by Andrew Trunsky
Senate Majority Leader Chuck Schumer set up a critical vote on the bipartisan infrastructure bill Saturday after talks to expedite the process fell apart late Thursday.
Both Republicans and Democrats engaged in marathon talks Thursday in a bid to vote on a package of amendments and to advance the sweeping public works package. Doing so, however, required approval from all 100 senators, and Tennessee Republican Sen. Bill Haggerty refused to go along even as his Republican colleagues urged him to do so.
In a statement, Hagerty attributed his objection to the Congressional Budget Office’s estimation that the bill would add $256 billion to the national debt over 10 years.
“While we’ve heard for weeks that [the infrastructure bill] would be paid for, it’s not. It didn’t just come up short, it came up a quarter of a trillion dollars short,” Hagerty said. “Despite this news, I was asked to consent to expedite the process and pass it. I could not, in good conscience, allow that to happen at this hour – especially when the objective of the majority is to hurry up and pass this bill so that they can move quickly to their $3.5 trillion tax-and-spend spree,” he added, referring to Democrats’ proposed reconciliation package.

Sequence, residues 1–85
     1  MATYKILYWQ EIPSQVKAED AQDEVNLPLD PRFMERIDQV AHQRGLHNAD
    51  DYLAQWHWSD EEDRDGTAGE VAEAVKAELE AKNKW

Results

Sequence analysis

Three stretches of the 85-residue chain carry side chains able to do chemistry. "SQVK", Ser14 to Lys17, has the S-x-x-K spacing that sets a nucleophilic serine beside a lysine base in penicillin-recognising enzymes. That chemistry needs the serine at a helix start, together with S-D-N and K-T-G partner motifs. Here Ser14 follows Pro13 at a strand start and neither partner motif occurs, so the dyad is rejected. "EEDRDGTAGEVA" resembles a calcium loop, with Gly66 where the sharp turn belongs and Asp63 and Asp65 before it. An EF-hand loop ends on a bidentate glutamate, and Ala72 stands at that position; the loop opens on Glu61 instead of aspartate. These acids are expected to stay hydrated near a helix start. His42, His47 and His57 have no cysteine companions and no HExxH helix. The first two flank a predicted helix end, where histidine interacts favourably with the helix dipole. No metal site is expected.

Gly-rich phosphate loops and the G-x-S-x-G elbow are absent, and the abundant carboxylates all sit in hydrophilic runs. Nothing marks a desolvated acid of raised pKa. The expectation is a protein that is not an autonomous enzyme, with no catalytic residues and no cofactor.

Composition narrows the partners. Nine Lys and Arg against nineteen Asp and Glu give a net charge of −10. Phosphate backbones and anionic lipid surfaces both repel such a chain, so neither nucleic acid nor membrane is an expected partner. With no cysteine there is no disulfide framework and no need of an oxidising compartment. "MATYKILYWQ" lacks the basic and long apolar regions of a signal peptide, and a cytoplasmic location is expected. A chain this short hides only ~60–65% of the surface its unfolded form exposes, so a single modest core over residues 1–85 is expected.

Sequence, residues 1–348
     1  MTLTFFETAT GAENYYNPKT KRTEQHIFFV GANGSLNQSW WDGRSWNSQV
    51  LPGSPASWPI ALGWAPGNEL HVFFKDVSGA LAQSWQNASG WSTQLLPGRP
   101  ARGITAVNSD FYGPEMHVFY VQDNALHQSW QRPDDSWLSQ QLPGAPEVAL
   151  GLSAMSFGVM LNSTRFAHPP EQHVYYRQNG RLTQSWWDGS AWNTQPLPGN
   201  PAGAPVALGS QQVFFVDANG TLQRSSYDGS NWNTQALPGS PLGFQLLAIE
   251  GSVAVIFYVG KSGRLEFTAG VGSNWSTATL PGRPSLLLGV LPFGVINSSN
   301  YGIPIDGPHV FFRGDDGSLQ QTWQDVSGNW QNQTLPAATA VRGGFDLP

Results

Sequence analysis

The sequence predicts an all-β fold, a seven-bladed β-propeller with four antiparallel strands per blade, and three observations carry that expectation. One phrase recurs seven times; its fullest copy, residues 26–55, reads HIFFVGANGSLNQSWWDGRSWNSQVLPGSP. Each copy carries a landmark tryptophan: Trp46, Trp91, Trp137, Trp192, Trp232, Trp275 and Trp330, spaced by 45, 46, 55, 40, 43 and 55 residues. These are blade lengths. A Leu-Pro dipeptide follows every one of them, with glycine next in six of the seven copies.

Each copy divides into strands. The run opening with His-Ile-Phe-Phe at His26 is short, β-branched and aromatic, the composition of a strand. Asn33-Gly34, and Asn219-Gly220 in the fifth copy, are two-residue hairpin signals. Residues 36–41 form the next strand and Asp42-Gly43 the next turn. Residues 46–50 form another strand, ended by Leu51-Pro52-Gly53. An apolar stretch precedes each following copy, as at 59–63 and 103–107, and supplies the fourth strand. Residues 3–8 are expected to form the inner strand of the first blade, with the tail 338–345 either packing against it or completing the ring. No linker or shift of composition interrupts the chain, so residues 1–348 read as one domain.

The $1.2 trillion infrastructure bill includes $550 billion of new government spending, and allocates funds toward American roads, bridges, ports, broadband and more.
Despite the roadblock, the bill’s central negotiators remained confident that the bill was close to final passage.
“While we weren’t able to agree on additional amendments today, I also look forward to us reconvening on Saturday and proceeding under regular order to finish what will be historic legislation both in its bipartisan nature and the impact it will have on this country,” said Arizona Sen. Kyrsten Sinema, Senate Democrats lead negotiator and a co-sponsor of the bill.
Schumer said on the Senate floor that Democrats were met with “numerous objections” to expediting the bill.
“The Senate has considered 22 amendments during this process and we’ve been willing to consider many more,” he said after announcing that senators had failed to reach an agreement. “In fact, we have been trying to vote on amendments all day but have encountered numerous objections from the other side.”
Schumer added that after the Senate voted on the infrastructure bill Saturday it would immediately take up the budget resolution, clearing the way for Democrats to start their bid to pass their reconciliation package addressing issues from climate change and infrastructure to health care and education.
Saturday’s upcoming vote requires 60 senators voting in support in order to overcome a filibuster. If the infrastructure bill advances, it will be set to sail to final passage, which requires just a simple majority vote.
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Andrew Trunsky is a reporter at Daily Caller News Foundation.